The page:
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Nutritional Therapy for Carpal Tunnel Syndrome


Carpal Tunnel Syndrome is so common that nearly everyone has heard of it. There have been many times in my work as an OT/CHT when patients arrive for their first session and tell me about their hand problems followed by the question “Is this Carpal Tunnel?” It has become a catch-all phrase. I’d like to clear up what Carpal Tunnel Syndrome actually is, share the basics of treatments that Hand Therapists typically provide, and then add some superpower info about how to address this condition from the inside out with Nutritional Therapy. You can scroll down to the bottom section if you want to jump to the good juicy nutrition info 😊


What are the symptoms of Carpal Tunnel Syndrome?

- Your hand feels like it “falls asleep” frequently and you may drop objects

- Wrist pain and finger tingling at night that interferes with your sleep

- Pain and burning that travels up your arm

- Weakness in the muscles of the thumb and hand


Pain and parasthesias (tingling/numbness) may be focused just at the wrist or involve what feels like the entire hand but is actually a specific sensory pattern that includes the thumb, index, middle and inner half of the ring finger, as well the palm area below these finger, and around the finger nails to the middle knuckle crease on the back side of the hand. The pain and parasthesia symptoms can radiate up into the forearm, and less frequently be felt above the elbow up into the armpit/shoulder area. (1)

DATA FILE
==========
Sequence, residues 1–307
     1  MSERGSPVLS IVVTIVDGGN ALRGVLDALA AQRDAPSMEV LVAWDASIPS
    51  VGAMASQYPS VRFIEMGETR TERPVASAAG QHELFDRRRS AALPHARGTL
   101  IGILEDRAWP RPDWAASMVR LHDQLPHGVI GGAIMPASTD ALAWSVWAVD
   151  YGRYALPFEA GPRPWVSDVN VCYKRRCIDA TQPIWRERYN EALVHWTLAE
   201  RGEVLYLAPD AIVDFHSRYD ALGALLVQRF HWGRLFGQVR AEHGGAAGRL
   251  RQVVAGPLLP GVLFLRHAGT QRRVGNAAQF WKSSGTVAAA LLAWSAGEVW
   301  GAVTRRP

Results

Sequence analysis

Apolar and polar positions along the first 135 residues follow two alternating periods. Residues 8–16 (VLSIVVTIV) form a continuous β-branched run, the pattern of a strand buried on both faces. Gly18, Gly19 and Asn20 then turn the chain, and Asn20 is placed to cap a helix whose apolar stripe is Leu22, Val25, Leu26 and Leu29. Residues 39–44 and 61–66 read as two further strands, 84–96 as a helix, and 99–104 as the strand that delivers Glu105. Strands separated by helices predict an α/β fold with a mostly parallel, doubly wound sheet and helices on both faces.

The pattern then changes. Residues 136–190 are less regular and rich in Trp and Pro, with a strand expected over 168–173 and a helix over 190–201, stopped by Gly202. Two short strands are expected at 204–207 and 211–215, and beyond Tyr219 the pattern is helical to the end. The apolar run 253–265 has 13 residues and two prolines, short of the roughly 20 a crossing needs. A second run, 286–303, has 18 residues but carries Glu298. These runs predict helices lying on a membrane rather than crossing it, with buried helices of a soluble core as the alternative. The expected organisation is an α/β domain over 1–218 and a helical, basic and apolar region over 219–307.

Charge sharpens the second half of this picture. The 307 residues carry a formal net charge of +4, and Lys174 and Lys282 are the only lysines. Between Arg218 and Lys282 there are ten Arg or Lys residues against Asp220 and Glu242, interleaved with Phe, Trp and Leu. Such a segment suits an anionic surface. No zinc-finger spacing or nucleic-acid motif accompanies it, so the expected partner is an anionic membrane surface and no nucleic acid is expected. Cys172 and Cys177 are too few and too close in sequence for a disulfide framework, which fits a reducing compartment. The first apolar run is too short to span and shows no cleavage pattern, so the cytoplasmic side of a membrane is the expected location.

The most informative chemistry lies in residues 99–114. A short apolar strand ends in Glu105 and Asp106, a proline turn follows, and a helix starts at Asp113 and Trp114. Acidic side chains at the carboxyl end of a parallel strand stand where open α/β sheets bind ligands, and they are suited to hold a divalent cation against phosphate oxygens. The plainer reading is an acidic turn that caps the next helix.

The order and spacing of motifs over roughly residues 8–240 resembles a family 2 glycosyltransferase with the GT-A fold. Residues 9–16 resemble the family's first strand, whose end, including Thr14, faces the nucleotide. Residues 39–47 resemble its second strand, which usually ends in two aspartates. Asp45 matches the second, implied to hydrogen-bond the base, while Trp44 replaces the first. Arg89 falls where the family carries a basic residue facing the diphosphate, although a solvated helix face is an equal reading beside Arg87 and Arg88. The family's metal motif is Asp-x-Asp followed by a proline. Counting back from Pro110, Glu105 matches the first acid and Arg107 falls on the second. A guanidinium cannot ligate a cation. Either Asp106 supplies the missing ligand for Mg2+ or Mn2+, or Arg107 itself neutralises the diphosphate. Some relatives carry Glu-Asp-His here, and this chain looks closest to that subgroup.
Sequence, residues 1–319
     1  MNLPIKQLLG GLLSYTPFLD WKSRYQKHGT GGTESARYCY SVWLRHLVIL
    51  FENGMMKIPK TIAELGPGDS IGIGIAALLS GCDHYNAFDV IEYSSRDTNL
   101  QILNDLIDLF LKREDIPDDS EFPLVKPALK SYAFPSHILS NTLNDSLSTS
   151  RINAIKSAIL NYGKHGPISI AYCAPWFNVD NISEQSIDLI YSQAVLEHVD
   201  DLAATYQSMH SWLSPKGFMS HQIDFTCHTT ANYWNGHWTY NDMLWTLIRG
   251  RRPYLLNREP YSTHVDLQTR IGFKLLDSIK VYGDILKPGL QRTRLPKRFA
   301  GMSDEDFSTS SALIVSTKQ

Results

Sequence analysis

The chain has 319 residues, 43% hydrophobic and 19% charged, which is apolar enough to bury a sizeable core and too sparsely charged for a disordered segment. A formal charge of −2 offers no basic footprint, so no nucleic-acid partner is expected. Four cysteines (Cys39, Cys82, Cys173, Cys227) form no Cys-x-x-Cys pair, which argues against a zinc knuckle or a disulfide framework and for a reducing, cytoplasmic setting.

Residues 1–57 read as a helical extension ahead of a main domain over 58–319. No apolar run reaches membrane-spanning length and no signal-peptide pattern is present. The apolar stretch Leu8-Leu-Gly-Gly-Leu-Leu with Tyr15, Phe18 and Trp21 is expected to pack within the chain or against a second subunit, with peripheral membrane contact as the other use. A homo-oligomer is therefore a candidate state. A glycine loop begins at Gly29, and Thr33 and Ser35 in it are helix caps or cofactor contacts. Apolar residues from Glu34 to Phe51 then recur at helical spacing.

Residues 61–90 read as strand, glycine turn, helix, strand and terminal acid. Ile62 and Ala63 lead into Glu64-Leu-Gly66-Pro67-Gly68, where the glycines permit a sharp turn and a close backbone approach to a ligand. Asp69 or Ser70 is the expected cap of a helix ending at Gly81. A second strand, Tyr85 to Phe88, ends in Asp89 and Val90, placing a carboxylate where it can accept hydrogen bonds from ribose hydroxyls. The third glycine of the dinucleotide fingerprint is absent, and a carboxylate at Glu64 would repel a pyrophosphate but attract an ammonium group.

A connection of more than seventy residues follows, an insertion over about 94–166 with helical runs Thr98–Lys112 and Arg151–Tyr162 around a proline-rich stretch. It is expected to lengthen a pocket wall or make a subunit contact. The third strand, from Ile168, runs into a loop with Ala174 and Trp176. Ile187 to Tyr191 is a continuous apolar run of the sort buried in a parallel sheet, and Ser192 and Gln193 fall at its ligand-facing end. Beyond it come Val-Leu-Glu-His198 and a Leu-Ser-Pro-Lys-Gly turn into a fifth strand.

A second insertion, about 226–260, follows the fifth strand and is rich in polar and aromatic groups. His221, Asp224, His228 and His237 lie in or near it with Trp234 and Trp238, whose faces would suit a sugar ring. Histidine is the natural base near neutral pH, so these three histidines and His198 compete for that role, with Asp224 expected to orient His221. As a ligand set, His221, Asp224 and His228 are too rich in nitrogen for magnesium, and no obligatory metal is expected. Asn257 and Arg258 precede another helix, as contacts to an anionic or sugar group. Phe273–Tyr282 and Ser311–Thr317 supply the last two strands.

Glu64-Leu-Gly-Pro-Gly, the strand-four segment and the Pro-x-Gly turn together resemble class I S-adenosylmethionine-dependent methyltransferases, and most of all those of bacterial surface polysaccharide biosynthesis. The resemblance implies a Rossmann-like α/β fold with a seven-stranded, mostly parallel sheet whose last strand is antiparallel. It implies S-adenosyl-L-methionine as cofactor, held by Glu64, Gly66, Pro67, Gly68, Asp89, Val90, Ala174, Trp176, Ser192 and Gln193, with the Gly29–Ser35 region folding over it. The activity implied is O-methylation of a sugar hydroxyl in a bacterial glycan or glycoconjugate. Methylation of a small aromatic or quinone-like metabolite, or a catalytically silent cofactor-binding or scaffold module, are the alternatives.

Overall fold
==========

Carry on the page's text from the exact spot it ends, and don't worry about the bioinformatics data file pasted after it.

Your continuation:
What causes Carpal Tunnel Syndrome?

CTS is result of a combination of factors that increase pressure on the median nerve and the nine tendons (the nerve neighbors) inside the carpal tunnel. The median nerve runs the length of your arms and ends in the hands. At the wrist level the nerve has to go through a narrow passageway called the carpal tunnel. To be more specific, the tunnel is not located at the wrist crease, it is about an inch away near the base of your hand on the palm side. The tunnel is surrounded by bones on the underside and is secured on top by a strong thick ligament. The median nerve lies just under this thick ligament. As the nine tendons inside the tunnel move and glide to create finger movement, this causes friction against the nerve but the bigger issue with CTS is the position of the wrist as the fingers are grasping and pinching. When the wrist is bent far down or way back, there is more pressure at the carpal tunnel.